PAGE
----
So, there you have it. The stage was set for 13 days of new experiences in places physical and philosophical, emotional and metaphorical all of which involved uncharted territory for me. The wealth of messages and lessons of the time will require much sorting. Suffice it to say, I have begun. I will have further posts as I go. Suffice it to say, "surrender," was and is indeed the perfect prayer flag to be working on right now!

Original set of prayer flags: Courage, Tranquility, Peace, Love, Wisdom, Harmony, Joy.


This is an installation above the front reception desk at Good Samaritan Hospital in Downtown Portland, Oregon. It is installed as a memorial to my husband but also in gratitude for the many people in the hospital and around the neighborhood, as well as police personell who on November 6, 2015 extended energy in their own unique ways on Mike's behalf. He taught me much about the above intentions, in his life and in his choices that day. A bigger heart, a more beautiful spirit never could I meet. I was the luckiest woman on earth to have loved and been loved by him.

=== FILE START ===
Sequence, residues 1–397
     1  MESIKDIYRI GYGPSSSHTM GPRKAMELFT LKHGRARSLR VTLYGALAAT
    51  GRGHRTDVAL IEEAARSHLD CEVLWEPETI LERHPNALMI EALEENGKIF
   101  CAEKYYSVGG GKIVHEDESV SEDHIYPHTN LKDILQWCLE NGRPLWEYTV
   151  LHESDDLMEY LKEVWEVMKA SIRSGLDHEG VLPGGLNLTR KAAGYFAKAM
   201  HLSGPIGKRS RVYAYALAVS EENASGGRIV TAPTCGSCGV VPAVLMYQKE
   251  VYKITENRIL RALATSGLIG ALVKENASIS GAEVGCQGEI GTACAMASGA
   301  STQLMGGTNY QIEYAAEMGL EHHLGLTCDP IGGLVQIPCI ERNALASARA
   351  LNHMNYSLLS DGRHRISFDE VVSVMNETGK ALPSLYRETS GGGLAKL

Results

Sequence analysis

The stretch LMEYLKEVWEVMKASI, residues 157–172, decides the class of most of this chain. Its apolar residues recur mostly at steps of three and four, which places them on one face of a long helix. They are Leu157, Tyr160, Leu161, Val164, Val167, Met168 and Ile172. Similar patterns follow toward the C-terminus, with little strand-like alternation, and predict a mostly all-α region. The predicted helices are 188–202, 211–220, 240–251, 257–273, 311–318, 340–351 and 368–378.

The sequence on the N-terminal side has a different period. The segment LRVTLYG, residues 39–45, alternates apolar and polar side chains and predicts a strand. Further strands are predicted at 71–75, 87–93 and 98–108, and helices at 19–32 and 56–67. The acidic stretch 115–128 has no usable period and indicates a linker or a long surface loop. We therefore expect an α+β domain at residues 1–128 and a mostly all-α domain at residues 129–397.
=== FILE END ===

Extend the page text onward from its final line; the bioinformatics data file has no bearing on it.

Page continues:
The first anniversary is proving challenging on a number of levels. In a sense I feel as if this will be a milepost I simply must step up to and walk past before moving forward in any significant measure in my life. The year has been a foundation built of many lessons. I am only done with it after November 6th. Lessons will continue of course but I anticipate a slight shift in focus. Coincidentally I am building a retaining wall these days (23 feet long!). The foundation was/is vital as a job in itself, insuring level and sturdy base. From there the work is just begun though. And with every layer I construct, the wall shifts 6 degrees in the direction of the work it must do, which is to support the earth.